An Evergreen company claims its product, the first drinkable sunscreen, really works, but some experts aren’t so sure.
“We simply do not know why this would work,” said Theresa R. Pacheco, M.D., an associate professor of the Department of Dermatology at the CU Anschutz Medical Campus. “I have no scientific framework to understand this.” Denver Business Journal, May 21
When it opened onstage in 1985, “The Normal Heart” electrified New York audiences and became The Public Theater's longest-running production.
“It was an opportunity not only to educate the people at risk about what was going on – and we knew very, very little – but also it became an opportunity to educate audiences who were themselves afraid of the people most impacted by this terrible epidemic: gay men,” says Therese Jones, director of the Arts and Humanities in Healthcare Program at the CU’s Center for Bioethics and Humanities. U.S. News and World Report, May 22
Researchers at the CU School of Medicine want to know if exercise can slow the progression of Parkinson’s disease. They’re studying newly diagnosed patients who have not been placed on medication.
“Many people tell us that they function better when they exercise,” said researcher Margaret Schenkman, associate dean of physical therapy education at CU Anschutz Medical Campus. CBS Denver, May 9
Sensors could come embedded in the pills in your next prescription, watching whether you take your medication on time and tracking your body’s response to the drugs. By the end of recent trials, most of the volunteers were comfortable with the sensors and interested in using them again, says Robert Belknap, M.D., of CU Anschutz Medical Campus, who led the study.
“The technology resonated with people,” he said. “If it were available, our clinic would look seriously at using it.” Electronics Weekly, May 8
The odds of correctly picking all 48 games played leading up to the Sweet 16 round of the tournament by random selection are about 1 in 280 trillion, said Mark Ablowitz, chairman of the Department of Applied Mathematics at CU-Boulder. Denver Business Journal, March 26
The Lake Drive Foundation for Children who are Deaf and Hard of Hearing will honor Christine Yoshinaga-Itano, professor of audiology at CU-Boulder, on May 1. The New Jersey foundation said Yoshinaga-Itano’s research sparked universal newborn hearing screenings and revolutionized the early intervention movement. The Citizen, March 26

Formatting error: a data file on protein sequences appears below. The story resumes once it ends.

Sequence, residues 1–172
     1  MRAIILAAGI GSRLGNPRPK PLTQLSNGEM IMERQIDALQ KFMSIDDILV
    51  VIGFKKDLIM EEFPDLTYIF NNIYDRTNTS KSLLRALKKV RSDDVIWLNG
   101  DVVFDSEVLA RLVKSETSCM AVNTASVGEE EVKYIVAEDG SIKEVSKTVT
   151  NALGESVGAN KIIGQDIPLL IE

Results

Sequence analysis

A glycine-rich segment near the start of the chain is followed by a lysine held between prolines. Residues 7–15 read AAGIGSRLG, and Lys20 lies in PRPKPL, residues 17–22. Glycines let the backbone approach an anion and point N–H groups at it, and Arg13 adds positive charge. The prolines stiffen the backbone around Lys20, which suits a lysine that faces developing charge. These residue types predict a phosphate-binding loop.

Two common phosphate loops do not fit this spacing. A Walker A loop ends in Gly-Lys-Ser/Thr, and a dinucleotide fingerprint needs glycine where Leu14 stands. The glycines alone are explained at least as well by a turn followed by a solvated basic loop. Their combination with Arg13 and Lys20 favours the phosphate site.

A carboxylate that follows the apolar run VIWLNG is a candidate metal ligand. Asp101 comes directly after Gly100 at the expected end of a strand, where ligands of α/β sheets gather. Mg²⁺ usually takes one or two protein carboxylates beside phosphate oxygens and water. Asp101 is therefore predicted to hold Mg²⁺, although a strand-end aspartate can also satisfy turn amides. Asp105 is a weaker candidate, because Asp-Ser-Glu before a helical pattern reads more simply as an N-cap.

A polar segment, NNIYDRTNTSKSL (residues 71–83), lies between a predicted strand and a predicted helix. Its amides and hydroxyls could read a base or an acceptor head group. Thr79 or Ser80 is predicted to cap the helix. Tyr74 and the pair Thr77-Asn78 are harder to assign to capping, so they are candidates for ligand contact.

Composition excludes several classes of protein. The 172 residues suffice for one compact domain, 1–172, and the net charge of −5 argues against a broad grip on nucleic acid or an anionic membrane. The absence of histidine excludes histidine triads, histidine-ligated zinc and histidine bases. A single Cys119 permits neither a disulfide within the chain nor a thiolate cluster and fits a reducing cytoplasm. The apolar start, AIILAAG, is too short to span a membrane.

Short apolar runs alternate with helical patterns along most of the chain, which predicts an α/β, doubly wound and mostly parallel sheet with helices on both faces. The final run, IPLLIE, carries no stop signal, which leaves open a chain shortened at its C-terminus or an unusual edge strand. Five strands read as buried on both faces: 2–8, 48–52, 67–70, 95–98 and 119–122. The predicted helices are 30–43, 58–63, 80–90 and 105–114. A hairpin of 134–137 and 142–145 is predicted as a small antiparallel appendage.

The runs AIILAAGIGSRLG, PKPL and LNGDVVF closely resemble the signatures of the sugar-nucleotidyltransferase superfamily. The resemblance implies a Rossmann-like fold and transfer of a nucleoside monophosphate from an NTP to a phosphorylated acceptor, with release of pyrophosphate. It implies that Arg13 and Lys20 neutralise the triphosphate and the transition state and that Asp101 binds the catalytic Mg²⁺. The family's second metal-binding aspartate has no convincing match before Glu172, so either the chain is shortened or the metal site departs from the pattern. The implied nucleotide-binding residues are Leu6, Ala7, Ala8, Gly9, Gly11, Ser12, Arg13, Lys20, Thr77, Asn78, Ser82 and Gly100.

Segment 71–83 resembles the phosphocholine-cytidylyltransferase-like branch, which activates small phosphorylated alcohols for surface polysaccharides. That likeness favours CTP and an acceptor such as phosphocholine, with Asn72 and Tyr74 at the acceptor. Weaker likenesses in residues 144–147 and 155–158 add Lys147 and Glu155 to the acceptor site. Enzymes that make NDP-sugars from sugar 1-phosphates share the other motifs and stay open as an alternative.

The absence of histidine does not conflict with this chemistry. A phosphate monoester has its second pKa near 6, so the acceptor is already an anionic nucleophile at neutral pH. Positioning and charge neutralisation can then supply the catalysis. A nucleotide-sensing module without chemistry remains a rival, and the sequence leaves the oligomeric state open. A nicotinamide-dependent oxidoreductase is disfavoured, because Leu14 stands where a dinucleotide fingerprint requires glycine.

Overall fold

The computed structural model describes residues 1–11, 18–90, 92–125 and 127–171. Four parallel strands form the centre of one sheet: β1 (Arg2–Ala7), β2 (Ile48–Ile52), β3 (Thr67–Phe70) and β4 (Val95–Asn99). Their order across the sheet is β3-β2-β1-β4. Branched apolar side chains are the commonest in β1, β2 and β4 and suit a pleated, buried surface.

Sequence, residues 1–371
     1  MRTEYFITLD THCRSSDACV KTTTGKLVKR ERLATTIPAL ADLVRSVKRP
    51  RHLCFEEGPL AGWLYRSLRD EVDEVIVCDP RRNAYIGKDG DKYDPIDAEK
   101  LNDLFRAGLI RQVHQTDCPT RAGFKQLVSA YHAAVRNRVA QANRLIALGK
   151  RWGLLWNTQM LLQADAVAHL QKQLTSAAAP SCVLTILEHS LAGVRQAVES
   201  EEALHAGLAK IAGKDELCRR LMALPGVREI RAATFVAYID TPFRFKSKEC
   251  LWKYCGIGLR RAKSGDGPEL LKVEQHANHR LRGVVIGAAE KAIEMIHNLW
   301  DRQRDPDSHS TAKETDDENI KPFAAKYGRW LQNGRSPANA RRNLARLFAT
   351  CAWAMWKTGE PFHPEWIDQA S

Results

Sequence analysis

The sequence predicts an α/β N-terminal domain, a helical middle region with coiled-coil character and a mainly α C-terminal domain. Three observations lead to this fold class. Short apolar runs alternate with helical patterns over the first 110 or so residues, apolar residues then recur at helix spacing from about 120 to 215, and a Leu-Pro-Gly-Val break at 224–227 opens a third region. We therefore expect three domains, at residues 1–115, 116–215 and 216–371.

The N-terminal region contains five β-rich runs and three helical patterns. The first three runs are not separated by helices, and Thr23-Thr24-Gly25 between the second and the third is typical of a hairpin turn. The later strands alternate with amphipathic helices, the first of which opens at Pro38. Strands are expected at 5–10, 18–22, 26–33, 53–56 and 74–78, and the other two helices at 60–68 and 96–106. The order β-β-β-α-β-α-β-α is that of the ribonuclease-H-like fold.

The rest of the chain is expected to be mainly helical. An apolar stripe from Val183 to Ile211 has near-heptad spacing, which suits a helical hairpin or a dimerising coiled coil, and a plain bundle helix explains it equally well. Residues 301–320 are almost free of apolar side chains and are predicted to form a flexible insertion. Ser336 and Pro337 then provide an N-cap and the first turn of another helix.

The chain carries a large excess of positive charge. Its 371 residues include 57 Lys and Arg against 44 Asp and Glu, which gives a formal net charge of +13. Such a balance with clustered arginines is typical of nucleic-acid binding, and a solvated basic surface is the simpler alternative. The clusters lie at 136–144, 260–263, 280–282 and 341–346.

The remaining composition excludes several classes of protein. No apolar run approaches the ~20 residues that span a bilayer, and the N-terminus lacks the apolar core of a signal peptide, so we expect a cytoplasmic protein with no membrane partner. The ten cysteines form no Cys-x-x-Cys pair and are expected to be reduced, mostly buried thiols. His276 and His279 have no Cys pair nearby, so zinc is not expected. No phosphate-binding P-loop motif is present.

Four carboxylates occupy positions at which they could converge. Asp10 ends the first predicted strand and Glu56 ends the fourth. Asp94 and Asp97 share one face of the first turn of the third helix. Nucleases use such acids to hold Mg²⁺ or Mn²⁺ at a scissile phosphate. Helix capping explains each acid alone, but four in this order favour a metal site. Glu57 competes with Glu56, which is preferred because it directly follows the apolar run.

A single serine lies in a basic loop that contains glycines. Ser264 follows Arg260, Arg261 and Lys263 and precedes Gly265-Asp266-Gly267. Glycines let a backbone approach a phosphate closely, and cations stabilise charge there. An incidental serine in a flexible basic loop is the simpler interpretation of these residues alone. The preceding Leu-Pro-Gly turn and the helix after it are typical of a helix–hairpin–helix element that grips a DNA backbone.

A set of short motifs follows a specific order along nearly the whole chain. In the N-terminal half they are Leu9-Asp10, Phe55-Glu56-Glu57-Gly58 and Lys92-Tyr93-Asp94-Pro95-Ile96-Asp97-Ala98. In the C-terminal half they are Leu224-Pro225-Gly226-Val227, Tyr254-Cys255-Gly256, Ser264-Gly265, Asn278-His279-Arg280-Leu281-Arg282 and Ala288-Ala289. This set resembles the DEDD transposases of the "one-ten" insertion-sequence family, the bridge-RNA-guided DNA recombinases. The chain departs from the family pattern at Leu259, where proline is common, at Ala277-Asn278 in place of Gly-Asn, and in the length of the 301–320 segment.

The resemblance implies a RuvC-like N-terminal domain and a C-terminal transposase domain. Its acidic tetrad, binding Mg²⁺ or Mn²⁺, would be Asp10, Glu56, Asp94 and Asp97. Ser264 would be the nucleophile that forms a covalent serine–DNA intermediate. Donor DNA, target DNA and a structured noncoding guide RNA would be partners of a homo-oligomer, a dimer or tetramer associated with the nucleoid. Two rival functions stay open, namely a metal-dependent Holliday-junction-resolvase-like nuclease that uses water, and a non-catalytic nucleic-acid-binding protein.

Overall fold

The first conservative thought professor at CU-Boulder is about to pass the baton on to someone else. Steven Hayward was appointed last year to the newly created position at CU, which is a one-year stint. Colorado Public Radio, March 17
A group of CU-Boulder students, in collaboration with students from around the world, are designing a new unmanned aerial vehicle, or drone, to help stop the poaching of rhinoceroses for their horns in South Africa. Jean Koster, CU-Boulder aerospace engineering professor and the team’s adviser, said rhino poaching is now considered “the African crisis.” Daily Camera, March 19
John Hoffecker, a fellow at CU-Boulder’s Institute of Alpine and Arctic Research, is the lead author on a new commentary appearing in Science magazine that strengthens the theory that those who came to North America across the Bering Land Bridge from northeast Asia may have actually remained on that now-submerged plain for 5,000 years or more before spreading across this continent. Daily Camera, March 13
CU-Boulder’s BioFrontiers Institute has been awarded a $14.6 million contract from the Defense Advanced Research Projects Agency for a project that could impact the military and medical sectors by developing a system to rapidly determine how drugs and biological or chemical agents affect human cells. Research assistant professor William Old from the Department of Chemistry and Biochemistry will lead the team. Boulder County Business Report, March 21
In 2007, Valerie McKenzie volunteered for a large study of human body bacteria. But McKenzie, a CU-Boulder biologist, was more interested in the bacteria living on the skin of frogs and toads. McKenzie and others now hope to harness the breakthroughs of the human-microbe revolution to slow one of wildlife’s most prolific — and seemingly unstoppable — modern killers: chytrid. Summit Daily News, March 12
After an extensive 18-month search, the Boulder Phil announced this week that Charles “Chas” Wetherbee will take over as the concertmaster, with his first official performance set for April 26. Wetherbee is an accomplished violinist and a CU-Boulder music faculty member. Daily Camera, March 11
A report from the Colorado Center for Policy Studies at UCCS says outsourcing government jobs might not be all that it promises to be, which is to save taxpayers money.
“There is a wealth of evidence that outsourcing public jobs often diminishes quality without substantial cost reduction. Unfortunately, few states and cities have a serious oversight process to let citizens evaluate what is happening,” said Daphne Greenwood, professor in the Department of Economics. The Gazette, March 18
Chronicle reporter Karin Fischer talks with Brian D. Burnett, senior executive vice chancellor at UCCS, and others on the challenges and future of higher education. The Chronicle of Higher Education, March 5